Students build chest cavity, arm simulator

Roberts says students learned medicinal process of IV insertion

Mechanical+engineering+senior+Zac+Cannon+adjusts+the+vein+tubes+on+the+simulated+IV+arm.+The+purpose+of+the+arm+is+to+help+healthcare+providers+practice+the+technical+aspects+of+finding+the+vein%2C+while+simultaneously+practicing+social+skills.
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Students build chest cavity, arm simulator

Mechanical engineering senior Zac Cannon adjusts the vein tubes on the simulated IV arm. The purpose of the arm is to help healthcare providers practice the technical aspects of finding the vein, while simultaneously practicing social skills.

Mechanical engineering senior Zac Cannon adjusts the vein tubes on the simulated IV arm. The purpose of the arm is to help healthcare providers practice the technical aspects of finding the vein, while simultaneously practicing social skills.

JOSEPH GARDNER | THE DAILY EVERGREEN

Mechanical engineering senior Zac Cannon adjusts the vein tubes on the simulated IV arm. The purpose of the arm is to help healthcare providers practice the technical aspects of finding the vein, while simultaneously practicing social skills.

JOSEPH GARDNER | THE DAILY EVERGREEN

JOSEPH GARDNER | THE DAILY EVERGREEN

Mechanical engineering senior Zac Cannon adjusts the vein tubes on the simulated IV arm. The purpose of the arm is to help healthcare providers practice the technical aspects of finding the vein, while simultaneously practicing social skills.

JAYCE CARRAL, Evergreen reporter

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Pullman Regional Hospital (PRH) will continue its partnership with WSU’s Mechanical and Materials Engineering program to improve their prototypes of wearable arm and chest simulators.

Becky Highfill, PRH Center for Learning and Innovation director, said the simulation labs will use the new equipment. The arm simulator will be used by clinicians and is designed for IV insertion.

Highfill said the physicians will use the chest cavity simulator to practice placing chest tubes.

“It’s important for our clinical staff to keep up on those skills so that when we do have those cases, they’re prepared and able to complete the task,” she said.

PRH Education Coordinator Amber Roberts said she had previously attended a conference in Spokane that featured wearable simulation equipment. The equipment shown at the conference cost $10,000 to $15,000.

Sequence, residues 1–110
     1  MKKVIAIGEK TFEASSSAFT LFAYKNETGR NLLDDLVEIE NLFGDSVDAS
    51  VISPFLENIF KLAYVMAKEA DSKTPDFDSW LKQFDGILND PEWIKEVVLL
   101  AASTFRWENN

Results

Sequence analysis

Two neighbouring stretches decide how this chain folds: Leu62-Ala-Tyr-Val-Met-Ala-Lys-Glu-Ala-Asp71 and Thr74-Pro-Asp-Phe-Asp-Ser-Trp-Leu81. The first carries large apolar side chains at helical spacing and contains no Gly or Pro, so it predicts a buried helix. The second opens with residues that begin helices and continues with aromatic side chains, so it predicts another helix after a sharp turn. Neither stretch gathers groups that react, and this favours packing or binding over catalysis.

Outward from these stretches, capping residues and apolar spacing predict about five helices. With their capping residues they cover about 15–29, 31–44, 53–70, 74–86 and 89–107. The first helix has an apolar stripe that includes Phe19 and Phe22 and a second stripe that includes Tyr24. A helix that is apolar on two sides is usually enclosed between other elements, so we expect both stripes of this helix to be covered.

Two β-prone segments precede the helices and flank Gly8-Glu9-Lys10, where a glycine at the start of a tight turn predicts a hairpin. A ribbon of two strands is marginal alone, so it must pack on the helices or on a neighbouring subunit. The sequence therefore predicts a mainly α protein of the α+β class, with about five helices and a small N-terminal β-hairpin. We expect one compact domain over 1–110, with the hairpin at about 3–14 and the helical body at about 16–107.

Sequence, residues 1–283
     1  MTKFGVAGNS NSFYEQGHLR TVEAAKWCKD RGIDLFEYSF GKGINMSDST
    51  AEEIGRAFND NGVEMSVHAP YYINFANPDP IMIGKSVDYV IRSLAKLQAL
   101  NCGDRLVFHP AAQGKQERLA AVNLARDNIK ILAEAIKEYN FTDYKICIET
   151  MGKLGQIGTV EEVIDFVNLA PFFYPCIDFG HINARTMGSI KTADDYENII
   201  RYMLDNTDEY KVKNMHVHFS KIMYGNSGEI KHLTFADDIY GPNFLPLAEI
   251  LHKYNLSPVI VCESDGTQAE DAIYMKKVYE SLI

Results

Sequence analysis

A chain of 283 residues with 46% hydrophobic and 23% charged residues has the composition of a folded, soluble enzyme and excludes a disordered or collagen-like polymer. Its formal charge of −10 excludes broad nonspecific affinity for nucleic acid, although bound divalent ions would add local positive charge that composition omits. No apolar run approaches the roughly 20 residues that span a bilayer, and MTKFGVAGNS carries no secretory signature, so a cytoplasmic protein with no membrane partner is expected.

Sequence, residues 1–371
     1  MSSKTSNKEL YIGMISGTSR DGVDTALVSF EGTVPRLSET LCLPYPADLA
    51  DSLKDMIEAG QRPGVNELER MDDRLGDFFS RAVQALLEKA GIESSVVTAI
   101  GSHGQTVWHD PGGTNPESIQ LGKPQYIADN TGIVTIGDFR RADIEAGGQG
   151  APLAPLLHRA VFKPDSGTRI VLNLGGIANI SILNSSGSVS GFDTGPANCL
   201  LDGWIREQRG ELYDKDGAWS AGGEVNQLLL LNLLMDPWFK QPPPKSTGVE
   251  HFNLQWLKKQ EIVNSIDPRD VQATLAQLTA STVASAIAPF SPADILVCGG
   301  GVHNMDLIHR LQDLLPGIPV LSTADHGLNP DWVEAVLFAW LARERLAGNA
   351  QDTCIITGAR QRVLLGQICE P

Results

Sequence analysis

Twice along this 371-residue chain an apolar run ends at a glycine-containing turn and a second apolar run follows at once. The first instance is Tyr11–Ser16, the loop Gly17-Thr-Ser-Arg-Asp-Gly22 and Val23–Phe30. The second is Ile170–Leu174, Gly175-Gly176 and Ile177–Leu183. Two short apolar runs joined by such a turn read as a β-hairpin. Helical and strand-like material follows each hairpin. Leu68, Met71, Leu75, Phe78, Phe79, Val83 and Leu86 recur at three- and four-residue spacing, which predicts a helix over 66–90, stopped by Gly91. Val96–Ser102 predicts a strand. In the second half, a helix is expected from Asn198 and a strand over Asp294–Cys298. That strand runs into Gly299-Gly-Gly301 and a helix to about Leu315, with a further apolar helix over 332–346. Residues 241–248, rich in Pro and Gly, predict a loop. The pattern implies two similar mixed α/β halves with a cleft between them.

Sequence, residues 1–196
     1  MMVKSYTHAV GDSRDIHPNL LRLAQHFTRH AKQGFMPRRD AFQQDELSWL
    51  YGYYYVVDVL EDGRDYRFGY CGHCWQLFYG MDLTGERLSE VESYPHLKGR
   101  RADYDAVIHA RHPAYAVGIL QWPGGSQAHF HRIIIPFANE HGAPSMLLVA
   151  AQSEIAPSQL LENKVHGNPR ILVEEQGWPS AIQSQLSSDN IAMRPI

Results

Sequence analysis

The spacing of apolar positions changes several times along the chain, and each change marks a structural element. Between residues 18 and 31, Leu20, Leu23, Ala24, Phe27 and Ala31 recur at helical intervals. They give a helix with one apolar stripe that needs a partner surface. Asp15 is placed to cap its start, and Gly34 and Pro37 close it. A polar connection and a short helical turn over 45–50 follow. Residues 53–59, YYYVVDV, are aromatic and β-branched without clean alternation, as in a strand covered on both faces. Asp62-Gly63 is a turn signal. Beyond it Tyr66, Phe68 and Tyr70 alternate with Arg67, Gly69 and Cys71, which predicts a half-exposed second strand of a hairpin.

“[We wanted to] have them develop something that would pertain to us and not be as expensive,” Roberts said. “It will give [the students] a fun project to do.”

She said the arm simulator  was developed by students. It has veins to allow blood flow when connected to a machine. The machine would cause pulsations along with what Roberts called a flashback.

Roberts said a flashback is a human response that occurs during IV insertion.

“You put the needle in, and a flash of blood comes back, which is key to knowing that you’re in the vein,” she said. “That’s when you stop threading the needle.”

Roberts said the students worked to ensure the synthetic arm appeared, felt and reacted as realistic as possible. This included constructing the prototype with material similar to the texture of skin.

She said the arm simulator lacks nerve endings, so the person wearing the simulator would not feel any pain during its use.

Roberts said she guided the students through the medicinal process of IV insertion. Two students were brought into PRH’s same-day services department to watch how IVs are placed and removed.

“We talked about what the veins looked like under the skin, how they differ from patient to patient, how they move around and where the common spots to start IVs are,” Roberts said. “If you don’t understand that, then you won’t be able to emulate the realism.”

She said the students were at the hospital for nearly five hours.

Roberts said she and Highfill made about six trips to the engineering department to check on the progress of the simulators.

The prototypes were created in fall 2018 by two groups of engineering students, each group working on one simulator. Roberts said the groups piloted the projects.

“It lets clinical folks practice on something that is synthetic versus practicing on something that is a human being,” she said.

A new group of students began refining the prototypes in spring 2019.

“When we started this, I anticipated that this would take a few semesters of perfecting,” Roberts said. “I never thought in a million years the first group was going to produce such finished products.”